National Bootlegger’s Day (1/17): Staying Wet in a Dry Land

National Bootlegger’s Day is January 17th, the birthday of infamous bootlegger Al Capone.

In the state’s early years, rich soil and wine making traditions brought to the region by European immigrants, Italians in particular, positioned eastern Kansas to rival California’s Wine Country.

Instead, from 1881 to 1948, Kansas banned the production, importation, transportation, and sale of alcoholic beverages, far longer than any other state. While U.S. Prohibition lasted only from 1920 to 1933, Kansas Prohibition outlived President Franklin D. Roosevelt, began before the Spanish-American War, and outlasted the Great Depression, the Dust Bowl, and two World Wars. Plus, Crawford County was a “dry” county until 1986, when voters approved the sale of alcoholic liquor by the individual drink, with a 30% food sales requirement. Voters approved eliminating the food sales requirement in 1992.

Crawford County Sheriff’s Department with stills used to make bootlegged liquor.

Kansas Prohibition coincided with the rise in demand for workers in Southeast Kansas coal mines, where miners were underpaid, easily replaced, had no health insurance, and if they lost their job, there was no unemployment program. Because many of them were immigrants, they had few advocates.

These “foreign elements” turned to bootlegging in a desperate attempt to feed their families. Deep Shaft Whiskey could be found as far as the coasts.

“It may have been illegal, but it wasn’t wrong.”

Miners Hall Museum board member Alan Roberts says this is how Southeast Kansans of the 1920’s and 30’s described one of the area’s economic staples: bootlegging.

Civil disputes led a governor to call the region the “Little Balkans”, a reference to the Balkan Peninsula in Southeast Europe which was in turmoil at the time. Meant to be derogatory, the moniker provided people of varied backgrounds with a shared identity and was embraced.

“People said, ‘It may have been illegal, but it wasn’t wrong,’” historian Alan Roberts told the Pittsburg Morning Sun in 2015. As an illegal activity, Roberts said bootlegging carried a stigma that, even today, has kept many families involved to keep a low profile.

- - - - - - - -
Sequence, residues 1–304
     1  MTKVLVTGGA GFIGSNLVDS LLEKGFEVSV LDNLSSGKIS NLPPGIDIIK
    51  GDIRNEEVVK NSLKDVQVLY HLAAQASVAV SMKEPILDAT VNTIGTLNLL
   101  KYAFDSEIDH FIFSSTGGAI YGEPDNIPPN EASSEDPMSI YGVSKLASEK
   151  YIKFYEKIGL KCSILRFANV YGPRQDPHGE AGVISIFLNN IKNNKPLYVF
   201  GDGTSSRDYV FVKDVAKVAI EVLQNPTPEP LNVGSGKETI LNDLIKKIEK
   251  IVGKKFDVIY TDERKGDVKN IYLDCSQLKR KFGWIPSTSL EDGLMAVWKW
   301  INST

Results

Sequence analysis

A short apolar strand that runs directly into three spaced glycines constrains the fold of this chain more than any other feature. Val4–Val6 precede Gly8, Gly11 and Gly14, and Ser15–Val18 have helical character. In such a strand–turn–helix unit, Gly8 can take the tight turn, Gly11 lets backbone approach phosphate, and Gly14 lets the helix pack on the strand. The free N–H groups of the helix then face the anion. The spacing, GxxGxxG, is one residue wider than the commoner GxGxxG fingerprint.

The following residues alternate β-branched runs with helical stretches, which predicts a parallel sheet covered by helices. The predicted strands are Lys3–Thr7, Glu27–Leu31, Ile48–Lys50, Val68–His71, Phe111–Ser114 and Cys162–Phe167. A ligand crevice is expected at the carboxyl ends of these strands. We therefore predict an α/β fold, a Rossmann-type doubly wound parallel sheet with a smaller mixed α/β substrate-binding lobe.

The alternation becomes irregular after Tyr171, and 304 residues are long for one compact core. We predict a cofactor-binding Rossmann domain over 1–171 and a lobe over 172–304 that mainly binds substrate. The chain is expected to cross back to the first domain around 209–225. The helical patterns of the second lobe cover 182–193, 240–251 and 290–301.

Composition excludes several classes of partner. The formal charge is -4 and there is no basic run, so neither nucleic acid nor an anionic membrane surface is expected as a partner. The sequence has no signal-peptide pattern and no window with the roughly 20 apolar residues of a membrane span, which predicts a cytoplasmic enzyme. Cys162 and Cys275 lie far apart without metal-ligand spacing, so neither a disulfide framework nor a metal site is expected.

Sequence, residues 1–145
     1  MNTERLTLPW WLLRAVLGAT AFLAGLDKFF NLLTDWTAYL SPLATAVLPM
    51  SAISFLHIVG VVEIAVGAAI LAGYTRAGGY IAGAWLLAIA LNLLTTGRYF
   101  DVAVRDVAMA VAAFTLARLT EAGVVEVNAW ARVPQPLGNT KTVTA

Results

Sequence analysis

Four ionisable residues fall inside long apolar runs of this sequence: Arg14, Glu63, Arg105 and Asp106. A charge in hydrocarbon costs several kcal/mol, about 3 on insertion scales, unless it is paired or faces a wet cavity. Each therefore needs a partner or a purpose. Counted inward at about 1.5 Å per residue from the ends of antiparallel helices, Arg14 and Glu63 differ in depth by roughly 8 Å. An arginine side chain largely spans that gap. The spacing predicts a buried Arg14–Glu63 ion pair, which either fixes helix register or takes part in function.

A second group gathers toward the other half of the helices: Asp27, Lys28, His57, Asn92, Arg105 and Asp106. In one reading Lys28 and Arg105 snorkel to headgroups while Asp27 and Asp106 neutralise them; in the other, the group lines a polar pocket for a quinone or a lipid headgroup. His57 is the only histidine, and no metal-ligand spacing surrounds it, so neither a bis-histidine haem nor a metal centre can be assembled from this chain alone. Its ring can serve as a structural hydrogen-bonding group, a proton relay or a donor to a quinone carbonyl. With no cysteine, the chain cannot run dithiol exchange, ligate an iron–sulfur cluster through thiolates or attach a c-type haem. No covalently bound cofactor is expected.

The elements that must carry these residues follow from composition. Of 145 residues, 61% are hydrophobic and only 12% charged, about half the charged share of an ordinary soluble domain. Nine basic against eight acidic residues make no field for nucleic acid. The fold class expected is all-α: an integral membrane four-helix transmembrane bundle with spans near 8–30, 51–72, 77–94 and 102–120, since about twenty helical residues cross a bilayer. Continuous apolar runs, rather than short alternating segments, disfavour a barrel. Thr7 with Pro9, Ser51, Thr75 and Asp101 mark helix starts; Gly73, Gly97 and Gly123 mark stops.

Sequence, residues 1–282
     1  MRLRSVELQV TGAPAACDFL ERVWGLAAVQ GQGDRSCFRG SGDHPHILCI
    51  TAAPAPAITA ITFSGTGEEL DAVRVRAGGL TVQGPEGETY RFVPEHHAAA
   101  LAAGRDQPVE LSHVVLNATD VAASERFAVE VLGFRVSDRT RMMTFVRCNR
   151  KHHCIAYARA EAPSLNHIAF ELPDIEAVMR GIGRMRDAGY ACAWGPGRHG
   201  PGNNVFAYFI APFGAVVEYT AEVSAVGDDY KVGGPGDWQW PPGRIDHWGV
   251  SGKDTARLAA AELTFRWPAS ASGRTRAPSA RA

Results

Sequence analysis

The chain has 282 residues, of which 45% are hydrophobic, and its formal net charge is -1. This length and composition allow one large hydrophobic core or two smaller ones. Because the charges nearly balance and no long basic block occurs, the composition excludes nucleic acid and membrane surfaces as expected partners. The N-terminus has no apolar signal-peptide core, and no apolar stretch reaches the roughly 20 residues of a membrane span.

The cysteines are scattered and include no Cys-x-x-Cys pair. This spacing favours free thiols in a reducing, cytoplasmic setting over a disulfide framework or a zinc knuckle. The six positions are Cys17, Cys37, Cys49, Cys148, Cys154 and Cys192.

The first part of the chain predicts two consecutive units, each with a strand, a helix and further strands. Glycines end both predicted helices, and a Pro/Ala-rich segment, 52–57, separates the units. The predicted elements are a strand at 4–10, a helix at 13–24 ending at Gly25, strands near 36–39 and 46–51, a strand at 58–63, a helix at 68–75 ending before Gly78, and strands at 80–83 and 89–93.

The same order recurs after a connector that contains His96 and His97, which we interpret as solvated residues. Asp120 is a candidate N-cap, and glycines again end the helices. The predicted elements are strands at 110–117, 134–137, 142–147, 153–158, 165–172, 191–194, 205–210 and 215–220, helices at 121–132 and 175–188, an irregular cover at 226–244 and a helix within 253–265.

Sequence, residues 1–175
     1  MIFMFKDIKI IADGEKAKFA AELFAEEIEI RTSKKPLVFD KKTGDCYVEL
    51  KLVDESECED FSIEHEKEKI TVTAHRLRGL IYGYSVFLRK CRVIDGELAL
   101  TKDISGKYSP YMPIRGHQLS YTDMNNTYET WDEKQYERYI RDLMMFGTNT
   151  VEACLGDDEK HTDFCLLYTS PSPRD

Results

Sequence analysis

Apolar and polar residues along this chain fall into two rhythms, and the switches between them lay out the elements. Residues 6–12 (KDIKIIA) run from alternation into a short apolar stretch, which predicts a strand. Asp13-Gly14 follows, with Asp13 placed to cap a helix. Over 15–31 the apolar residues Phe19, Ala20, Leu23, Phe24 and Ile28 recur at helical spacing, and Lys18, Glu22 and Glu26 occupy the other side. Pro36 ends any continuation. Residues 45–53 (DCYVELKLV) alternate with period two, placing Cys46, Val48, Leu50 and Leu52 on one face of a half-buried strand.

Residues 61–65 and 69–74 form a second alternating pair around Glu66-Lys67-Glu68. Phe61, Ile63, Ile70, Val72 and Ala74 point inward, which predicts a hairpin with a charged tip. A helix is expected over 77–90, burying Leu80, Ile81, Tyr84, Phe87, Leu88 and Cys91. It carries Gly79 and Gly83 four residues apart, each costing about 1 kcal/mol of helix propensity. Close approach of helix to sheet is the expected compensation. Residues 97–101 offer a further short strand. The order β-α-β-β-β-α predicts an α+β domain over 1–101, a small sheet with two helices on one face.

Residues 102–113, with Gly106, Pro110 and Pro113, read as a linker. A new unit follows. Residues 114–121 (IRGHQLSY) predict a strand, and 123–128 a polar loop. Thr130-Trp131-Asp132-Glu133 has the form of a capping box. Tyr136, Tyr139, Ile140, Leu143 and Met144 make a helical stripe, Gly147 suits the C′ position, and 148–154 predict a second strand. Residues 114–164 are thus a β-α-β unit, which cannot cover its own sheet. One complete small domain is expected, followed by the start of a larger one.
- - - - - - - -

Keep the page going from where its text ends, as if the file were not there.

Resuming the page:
Many stories and relics from this era have been saved and are on display at Miners Hall Museum in Franklin, and the Crawford County Historical Museum in Pittsburg.

These were families who had escaped escalating violence in Europe. They weren’t “breaking bad”, but they broke the law, they knew it, and they didn’t care. They were just trying to survive.

As cited by President Herbert Hoover, the mining regions of Southeast Kansas became famous for the bootlegged liquor they sent around the country during prohibition. – Exhibit at Miners Hall Museum

Former University of Nevada, Reno professor and Girard resident Ken Peak explained that “this was a generation before the welfare state and ‘safety nets,’ when victims of economic disaster were left to their own devices and often too proud to accept charity.”

Peak also says the illegal bootlegging industry of Crawford and Cherokee counties was so strong, President Herbert Hoover’s Wickersham Commission, appointed to study prohibition enforcement, specifically mentioned the two counties. Not surprisingly, the report declared these counties as two of the four worst statewide in prohibition compliance.

Bootleggers made fine money selling their craft. Deep Shaft, as liquor from Southeast Kansas was generically known, was found not only in surrounding states such as Oklahoma, but went as far as the U.S. coasts and into foreign countries. Peak’s research into one Pittsburg factory unearthed a plant that produced 210 gallons of liquor per day, which had netted the owners $18,000 in only 2 weeks of operation.

At the Miners Hall Museum in Franklin, the recurring bootlegging exhibit produces some of the most colorful stories. Last year’s exhibit included a recorded lecture from Peak and several artifacts, including an electric heat stick bootleggers would use to color their moonshine. Museum board member Alan Roberts explained the process: “They would put their moonshine, which is clear, in a charcoal lined barrel and then they would put this stick down in there and shock it. And the sugar in the alcohol would turn kind of a brownish color and get the color from the charcoal so it looked much more like bourbon than it just did gin.”

Rich stories like this one can be found throughout the Miners Hall Museum. The museum is open to the public Monday through Saturday from 10:00 a.m. to 4:00 p.m.. For the best experience, the museum requests that you call in advance at (620) 347-4220 to schedule tours.